No 1 in F minor: Allegro moderato
No 2 in A flat major: Allegretto
No 3 in B flat major: Andante with variations
No 4 in F minor: Allegro scherzando
Schubert’s opening piece is on a broad scale and contains a wealth of inspired material. The jagged opening theme is followed by a passage of gently rippling semiquavers whose thematic outline eventually gives rise to a wonderful melody in repeated chords. There is also a contrasting episode involving much crossing of the hands. Despite the fact that it unfolds for the most part at the pianissimo level, Schubert clearly wanted this episode played with peculiar intensity: the marking of ‘appassionato’ for such intimate music is typical, and it is one that appears again in a similar context in the slow movement of the great E flat Piano Trio, D929, and the Notturno for piano trio, D897.
The second of the D935 Impromptus is similar in mood and form to the last of the Moments musicaux, in the same key of A flat, while the third is a famous set of variations on a theme Schubert borrowed from his incidental music to Rosamunde. Of the five variations, the third is in the minor, and in an atmosphere of barely suppressed agitation, while the fourth broadens the tonal horizons of the piece by moving into the warmth of G flat major. The final variation is a delicate display piece, but Schubert characteristically brings the proceedings to an end with a coda that is at once slower and more simple than the original theme itself.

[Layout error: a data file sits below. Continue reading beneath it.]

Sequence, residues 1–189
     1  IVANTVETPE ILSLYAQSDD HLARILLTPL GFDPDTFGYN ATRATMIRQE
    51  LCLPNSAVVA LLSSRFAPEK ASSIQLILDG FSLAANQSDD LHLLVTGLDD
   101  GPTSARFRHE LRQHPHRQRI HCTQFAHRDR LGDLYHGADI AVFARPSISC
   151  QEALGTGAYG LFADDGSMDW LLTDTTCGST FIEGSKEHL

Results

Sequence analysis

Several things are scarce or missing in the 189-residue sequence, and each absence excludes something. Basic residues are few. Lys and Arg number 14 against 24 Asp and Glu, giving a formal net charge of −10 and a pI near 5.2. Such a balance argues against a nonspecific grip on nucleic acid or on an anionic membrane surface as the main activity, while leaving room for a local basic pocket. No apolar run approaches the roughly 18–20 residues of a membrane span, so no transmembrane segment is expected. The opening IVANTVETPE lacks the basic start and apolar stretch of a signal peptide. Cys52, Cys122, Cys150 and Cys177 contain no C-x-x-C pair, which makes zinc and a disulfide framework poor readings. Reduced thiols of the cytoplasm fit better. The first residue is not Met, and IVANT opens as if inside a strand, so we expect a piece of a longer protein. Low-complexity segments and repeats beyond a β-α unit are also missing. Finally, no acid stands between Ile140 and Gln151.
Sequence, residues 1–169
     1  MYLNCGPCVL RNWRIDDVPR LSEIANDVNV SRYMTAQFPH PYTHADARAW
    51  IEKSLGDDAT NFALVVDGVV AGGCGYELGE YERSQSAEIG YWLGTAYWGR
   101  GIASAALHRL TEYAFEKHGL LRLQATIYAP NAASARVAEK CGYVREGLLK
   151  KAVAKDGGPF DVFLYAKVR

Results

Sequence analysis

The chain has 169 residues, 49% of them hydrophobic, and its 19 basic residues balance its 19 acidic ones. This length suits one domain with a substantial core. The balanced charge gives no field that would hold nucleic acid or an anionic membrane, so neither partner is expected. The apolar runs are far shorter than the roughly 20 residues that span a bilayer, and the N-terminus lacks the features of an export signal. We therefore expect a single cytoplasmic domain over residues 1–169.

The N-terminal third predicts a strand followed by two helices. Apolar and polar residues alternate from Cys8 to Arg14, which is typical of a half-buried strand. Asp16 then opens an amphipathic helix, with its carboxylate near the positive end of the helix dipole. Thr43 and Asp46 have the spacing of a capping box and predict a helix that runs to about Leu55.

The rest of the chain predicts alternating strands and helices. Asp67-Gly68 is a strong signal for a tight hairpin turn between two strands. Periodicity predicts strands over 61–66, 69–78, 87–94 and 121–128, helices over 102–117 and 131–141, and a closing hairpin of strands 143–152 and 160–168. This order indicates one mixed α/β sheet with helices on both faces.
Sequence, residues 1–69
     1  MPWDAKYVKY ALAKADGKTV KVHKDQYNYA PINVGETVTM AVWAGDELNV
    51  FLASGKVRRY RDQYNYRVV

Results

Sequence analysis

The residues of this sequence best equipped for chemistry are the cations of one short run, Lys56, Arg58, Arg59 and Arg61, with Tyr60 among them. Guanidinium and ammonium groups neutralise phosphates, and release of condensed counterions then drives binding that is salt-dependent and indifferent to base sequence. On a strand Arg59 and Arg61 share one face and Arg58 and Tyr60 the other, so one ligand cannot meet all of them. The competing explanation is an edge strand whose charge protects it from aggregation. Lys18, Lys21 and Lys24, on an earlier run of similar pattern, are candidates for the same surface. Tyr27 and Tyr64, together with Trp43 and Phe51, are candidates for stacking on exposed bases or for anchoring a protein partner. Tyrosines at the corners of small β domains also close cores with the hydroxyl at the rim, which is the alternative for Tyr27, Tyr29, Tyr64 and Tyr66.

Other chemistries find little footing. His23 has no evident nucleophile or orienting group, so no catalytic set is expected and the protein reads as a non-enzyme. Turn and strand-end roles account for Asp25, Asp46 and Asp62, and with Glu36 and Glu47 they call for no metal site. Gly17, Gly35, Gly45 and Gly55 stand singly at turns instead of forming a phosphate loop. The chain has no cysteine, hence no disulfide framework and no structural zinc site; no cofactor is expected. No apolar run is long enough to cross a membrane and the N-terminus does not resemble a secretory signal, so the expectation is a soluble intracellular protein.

There is a decidedly Hungarian flavour to the last Impromptu, not only in its strong off-beat accents, but also in the improvisatory flourishes which seem to conjure up the sound of the cimbalom. The middle section, too, is not without its rushing scales, and there is a coda in which the music gathers pace, eventually coming to an end with a scale sweeping down over the entire compass of the keyboard.
from notes by Misha Donat © 1996